Conference Report: ‘Marilyn Butler and the War of Ideas’

By Matthew Sangster


Many thanks to Grace Harvey (University of Lincoln) for contributing to the BARS Blog the report below, detailing her experience of the warm and welcoming ‘Marilyn Butler and the War of Ideas’ conference held at Chawton a couple of weeks ago. Further details of the conference can be found on the Chawton House Library site and via the Chawton House Library Facebook group.

Marilyn Butler

‘Marilyn Butler and the War of Ideas: A Commemorative Conference’ was held on the 11th and 12th of December at Chawton House. Organised by Gillian Dow and Linda Bree, the two days featured unrivalled discussions and research that celebrated the life and work of Marilyn Butler.

The first day was opened by James Chandler (University of Chicago), whose keynote, ‘Edgeworth and Austen (and Butler)’, spoke warmly of his friendship with Butler and drew attention to the sheer extent of her career and influence. His consideration of slavery, money, and Butler’s discussions of Austen, Edgeworth and Smith, amongst others, effortlessly encapsulated the convivial and celebratory tone of the conference.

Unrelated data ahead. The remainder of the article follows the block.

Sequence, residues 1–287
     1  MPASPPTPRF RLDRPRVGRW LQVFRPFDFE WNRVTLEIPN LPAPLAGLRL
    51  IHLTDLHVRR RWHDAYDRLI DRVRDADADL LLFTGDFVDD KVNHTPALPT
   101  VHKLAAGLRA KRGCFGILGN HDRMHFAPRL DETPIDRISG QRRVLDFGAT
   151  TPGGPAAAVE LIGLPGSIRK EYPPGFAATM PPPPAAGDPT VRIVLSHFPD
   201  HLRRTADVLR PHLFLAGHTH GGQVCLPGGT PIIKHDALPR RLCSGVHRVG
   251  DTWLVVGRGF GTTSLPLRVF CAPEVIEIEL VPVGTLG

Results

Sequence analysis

The first panel was an opening discussion that, like Chandler’s keynote, was peppered with personal remarks about Butler in addition …read more


Baylor University Conference: The Uses of ‘Religion’ in 19th-Century Studies

By Matthew Sangster

Uses of Religion in Nineteenth Century Studies